"RELIGION is a life-long ' search, always incomplete . . .
eminency a personal search, a personal experience and a personal challenge," say& Ronald Goldman in Readiness for Religion (Routledge, Kegan Paul. 18s.). and this book aims to provide well-trained teacher-guides to aid the searchers in their care.
Dr. Goldman understands the need for adapting a lesson to the age of the pupil, sees that religion must permeate all lessons taught and realises the abiding and fundamental necessity for remembering that "Christianity should be taught because it is true, because it answers the deepest needs of human nature, and without a knowledge of the love of God and a relationship with him men and women will live impoverished lives."
He stresses—what worries the wits out of most of us involved —the fact that a teacher of religion must necessarily be a religious teacher, though it is not at all necessary that he or she be a Religious, and that the overall atmosphere of the school can vitally reinforce or almost completely nullify all that is taught in the religious class, that adolescents resent being treated as "information fodder" and that discussion is as essential as indoctrination. He emphasises how much of Our Lord's teaching was done by queNiiiming. Or, as Sis ter Romain I.S. says in Tell My People (Chapman, 10s. 6d.) "To question well is to teach well."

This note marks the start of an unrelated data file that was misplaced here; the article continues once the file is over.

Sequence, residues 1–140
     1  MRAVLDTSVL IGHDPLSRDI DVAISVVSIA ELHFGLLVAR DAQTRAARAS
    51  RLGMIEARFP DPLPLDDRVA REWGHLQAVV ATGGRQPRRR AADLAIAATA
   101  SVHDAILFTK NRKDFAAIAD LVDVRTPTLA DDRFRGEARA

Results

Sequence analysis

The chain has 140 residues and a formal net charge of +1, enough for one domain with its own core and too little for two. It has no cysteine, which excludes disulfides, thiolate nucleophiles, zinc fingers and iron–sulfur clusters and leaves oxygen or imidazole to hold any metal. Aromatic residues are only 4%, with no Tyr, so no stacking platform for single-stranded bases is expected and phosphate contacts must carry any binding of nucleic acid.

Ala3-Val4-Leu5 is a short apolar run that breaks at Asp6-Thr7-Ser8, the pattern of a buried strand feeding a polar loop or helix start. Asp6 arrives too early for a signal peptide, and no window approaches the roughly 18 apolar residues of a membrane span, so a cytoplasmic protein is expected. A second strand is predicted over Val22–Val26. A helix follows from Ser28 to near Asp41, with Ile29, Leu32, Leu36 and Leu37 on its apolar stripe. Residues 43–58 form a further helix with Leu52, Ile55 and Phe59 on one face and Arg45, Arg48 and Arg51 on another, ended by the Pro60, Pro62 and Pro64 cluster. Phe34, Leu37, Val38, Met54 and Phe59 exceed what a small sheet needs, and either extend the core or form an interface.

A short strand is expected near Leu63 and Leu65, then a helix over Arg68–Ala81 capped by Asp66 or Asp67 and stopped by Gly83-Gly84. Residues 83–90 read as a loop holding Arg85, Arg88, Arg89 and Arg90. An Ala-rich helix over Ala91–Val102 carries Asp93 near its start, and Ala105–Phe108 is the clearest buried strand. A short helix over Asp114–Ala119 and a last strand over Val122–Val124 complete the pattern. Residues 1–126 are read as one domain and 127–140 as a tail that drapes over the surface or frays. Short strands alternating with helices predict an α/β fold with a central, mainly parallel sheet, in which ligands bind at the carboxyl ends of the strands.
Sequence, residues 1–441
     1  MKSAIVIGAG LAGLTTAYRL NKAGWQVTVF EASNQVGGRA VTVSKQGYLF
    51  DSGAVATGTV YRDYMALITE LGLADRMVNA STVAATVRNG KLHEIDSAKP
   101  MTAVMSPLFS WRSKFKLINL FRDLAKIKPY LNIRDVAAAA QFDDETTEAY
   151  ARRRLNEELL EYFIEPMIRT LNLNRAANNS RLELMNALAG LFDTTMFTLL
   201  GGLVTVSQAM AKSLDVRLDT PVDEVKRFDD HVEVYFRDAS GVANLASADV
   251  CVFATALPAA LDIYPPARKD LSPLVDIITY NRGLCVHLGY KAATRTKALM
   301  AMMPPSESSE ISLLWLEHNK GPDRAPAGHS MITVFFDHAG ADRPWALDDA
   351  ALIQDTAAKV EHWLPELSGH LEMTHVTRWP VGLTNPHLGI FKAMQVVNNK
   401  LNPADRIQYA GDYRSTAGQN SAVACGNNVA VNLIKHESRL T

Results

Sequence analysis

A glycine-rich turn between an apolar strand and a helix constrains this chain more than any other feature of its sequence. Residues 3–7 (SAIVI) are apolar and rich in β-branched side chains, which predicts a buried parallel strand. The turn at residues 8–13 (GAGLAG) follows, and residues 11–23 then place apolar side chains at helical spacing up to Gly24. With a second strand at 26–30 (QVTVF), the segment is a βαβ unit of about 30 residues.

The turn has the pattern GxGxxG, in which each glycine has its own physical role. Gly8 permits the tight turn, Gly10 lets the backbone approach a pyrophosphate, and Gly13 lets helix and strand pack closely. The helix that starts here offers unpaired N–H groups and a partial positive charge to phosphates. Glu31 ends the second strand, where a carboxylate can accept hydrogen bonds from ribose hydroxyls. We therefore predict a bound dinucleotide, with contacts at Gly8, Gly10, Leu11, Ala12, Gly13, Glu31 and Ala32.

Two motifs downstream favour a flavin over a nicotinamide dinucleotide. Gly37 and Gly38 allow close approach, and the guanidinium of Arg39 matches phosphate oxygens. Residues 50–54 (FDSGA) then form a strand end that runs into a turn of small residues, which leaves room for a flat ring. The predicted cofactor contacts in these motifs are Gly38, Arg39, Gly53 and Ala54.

Dr. Goldman's is a wise and helpful book. while Sister Romain's is an answer to prayer and a wonderful aide to all religious teachers, especially as she gives outline lessons which are splendidly adaptable and which most books on religious teaching either avoid or do in such a vague and abstract way that they are of little help. Sister Romain's lessons are truly practical and her advice is loving and enormously helpful.
She, like Dr. Goldman, believes that: "There can be confusion between education in faith and the inculcation of knowledge," and realises too, that, essential though a syllabus is and diocesan examiners are, it is still possible for a slow but holy child to appear less well-equipped than a more intelligent and much less genuinely pious one.
It is hard to teach this, but Sister Romain's easily affordable book will help the teacher who is trying to feel and share this love more than any other book I know.